The place of Technical Colleges in training artisans
In discussing about the role of technical colleges in training artisans, Samuel argued that technical colleges provide basic knowledge in theory and practical to intending artisans better than the universities. He further maintained that the best way to add value to technical colleges is ensuring that already existing engineers go through technical colleges for training and skills set improvement.

He added: “Nigeria as a country missed the mark from the outset. If we want to revive our technical colleges it is a good move, but it may not stand the test of time because the country has not placed value on it.

“They should begin by passing into law a legislation which compels would-be engineers and artisans to go through technical colleges to gain knowledge for a certain period for instance six months.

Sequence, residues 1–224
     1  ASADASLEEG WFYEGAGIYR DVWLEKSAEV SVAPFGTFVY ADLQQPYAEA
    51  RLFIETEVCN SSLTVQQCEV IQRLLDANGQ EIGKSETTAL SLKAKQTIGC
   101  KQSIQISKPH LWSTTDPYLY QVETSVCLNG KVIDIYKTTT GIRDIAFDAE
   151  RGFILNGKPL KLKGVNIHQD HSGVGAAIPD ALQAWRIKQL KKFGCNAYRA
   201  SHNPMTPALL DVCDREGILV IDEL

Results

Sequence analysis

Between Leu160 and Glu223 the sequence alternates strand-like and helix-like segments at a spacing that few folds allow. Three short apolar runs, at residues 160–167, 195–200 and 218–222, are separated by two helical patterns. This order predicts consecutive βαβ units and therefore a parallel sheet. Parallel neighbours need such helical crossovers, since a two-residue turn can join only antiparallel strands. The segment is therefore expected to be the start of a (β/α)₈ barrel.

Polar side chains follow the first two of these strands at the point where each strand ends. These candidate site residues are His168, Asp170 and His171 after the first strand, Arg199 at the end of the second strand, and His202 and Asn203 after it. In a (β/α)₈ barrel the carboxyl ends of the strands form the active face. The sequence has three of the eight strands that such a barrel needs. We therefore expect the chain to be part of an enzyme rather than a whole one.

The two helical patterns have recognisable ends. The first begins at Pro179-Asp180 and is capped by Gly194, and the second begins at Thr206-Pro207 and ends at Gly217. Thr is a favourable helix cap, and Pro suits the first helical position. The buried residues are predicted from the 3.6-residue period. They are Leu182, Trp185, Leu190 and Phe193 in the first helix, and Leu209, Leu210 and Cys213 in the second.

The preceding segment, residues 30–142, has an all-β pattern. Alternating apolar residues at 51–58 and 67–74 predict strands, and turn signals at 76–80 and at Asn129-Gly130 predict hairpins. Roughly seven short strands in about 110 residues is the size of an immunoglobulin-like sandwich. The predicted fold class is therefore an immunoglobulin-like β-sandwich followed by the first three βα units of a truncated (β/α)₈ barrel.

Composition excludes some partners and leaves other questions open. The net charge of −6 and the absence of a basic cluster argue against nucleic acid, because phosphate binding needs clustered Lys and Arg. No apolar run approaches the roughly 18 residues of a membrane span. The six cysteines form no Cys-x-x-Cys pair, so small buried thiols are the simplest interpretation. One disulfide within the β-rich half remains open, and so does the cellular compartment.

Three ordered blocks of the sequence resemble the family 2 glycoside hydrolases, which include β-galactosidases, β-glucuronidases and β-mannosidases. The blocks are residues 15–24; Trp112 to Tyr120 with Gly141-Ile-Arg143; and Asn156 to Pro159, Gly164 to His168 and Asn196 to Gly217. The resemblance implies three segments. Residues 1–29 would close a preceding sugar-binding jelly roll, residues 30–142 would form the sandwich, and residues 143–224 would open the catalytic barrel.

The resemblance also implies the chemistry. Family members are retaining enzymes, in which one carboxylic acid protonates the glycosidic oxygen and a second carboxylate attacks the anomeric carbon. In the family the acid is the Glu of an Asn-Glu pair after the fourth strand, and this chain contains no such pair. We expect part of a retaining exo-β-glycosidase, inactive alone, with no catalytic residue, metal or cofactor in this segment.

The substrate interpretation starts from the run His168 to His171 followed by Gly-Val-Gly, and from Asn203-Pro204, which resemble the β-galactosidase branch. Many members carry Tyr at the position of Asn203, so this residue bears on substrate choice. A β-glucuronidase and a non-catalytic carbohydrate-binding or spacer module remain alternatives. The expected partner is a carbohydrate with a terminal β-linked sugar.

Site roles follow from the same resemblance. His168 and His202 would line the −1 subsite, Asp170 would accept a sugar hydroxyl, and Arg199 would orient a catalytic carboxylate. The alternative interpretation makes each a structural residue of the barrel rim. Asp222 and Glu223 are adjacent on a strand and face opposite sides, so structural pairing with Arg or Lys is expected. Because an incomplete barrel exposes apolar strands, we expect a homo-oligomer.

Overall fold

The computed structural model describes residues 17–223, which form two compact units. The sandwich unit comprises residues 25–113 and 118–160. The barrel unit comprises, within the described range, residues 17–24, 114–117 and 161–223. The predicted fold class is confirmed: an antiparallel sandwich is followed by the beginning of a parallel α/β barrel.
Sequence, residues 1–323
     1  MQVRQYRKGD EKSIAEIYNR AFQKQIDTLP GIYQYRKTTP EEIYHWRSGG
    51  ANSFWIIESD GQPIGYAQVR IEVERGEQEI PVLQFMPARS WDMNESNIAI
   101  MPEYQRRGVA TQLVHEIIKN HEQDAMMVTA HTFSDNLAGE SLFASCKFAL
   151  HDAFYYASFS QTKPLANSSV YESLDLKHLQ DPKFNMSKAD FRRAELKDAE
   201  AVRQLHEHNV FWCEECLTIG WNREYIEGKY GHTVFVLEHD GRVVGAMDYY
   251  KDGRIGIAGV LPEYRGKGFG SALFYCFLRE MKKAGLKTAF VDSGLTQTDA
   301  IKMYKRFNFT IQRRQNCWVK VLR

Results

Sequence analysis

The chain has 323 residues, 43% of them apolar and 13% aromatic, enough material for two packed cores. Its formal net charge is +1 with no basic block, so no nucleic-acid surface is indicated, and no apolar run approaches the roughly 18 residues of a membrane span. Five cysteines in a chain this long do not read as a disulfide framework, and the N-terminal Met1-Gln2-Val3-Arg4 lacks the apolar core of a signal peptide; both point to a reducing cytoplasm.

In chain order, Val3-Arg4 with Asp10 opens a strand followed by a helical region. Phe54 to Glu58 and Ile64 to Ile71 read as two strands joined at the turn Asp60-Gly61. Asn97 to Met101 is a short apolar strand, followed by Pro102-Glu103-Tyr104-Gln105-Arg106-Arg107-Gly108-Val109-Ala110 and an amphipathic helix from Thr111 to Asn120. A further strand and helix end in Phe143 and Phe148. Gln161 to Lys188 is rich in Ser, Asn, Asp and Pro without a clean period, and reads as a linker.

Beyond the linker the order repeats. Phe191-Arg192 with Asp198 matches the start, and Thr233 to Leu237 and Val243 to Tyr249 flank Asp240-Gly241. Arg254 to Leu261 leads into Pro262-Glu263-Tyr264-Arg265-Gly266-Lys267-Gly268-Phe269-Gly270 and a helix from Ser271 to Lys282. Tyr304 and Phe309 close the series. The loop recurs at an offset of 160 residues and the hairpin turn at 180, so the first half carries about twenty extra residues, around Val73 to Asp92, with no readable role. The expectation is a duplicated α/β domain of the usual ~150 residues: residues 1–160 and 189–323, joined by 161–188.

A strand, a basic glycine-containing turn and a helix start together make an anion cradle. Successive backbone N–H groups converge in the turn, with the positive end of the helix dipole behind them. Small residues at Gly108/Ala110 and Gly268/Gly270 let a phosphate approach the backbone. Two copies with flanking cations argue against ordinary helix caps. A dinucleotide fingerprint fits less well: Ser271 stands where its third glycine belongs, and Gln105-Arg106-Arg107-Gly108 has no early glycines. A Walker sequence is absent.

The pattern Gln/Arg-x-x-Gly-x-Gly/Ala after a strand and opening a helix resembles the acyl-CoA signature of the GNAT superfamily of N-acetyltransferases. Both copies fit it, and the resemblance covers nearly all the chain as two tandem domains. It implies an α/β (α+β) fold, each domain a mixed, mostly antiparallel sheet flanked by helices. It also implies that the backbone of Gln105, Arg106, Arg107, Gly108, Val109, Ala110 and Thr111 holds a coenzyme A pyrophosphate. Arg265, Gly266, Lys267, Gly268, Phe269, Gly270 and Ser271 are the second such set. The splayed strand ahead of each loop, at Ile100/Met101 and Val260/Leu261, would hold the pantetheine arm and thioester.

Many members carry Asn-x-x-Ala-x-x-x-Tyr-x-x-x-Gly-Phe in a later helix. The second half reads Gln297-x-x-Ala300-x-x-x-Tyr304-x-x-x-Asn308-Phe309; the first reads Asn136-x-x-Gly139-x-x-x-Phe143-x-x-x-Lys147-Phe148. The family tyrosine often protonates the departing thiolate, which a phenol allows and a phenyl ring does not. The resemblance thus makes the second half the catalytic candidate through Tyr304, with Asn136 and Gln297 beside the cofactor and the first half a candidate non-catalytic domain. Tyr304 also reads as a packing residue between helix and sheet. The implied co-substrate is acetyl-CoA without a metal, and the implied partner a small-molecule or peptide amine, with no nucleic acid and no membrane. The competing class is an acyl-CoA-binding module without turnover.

Artisans need to go through technical colleges because they have a lot to learn. Majority of our fault diagnosis are done by artisans.
“We must also make sure that the technical colleges are very easy to afford. Education in this country is very expensive. Engineering as a discipline has a lot to do with practicals, more than theory. In engineering, we are lagging behind in this country.

I have not seen any made-in-Nigeria product that is striving in the market. Our major construction projects are still being handed over to the Chinese contractors. The artisans need financial support from government. If government can guarantee the finance, bring the market, and create the opportunity, the world will recognise Nigeria as a dominant force in engineering. For instance, the gadget I manufactured two years ago, pricing was the major thing that drove the product out of the market.”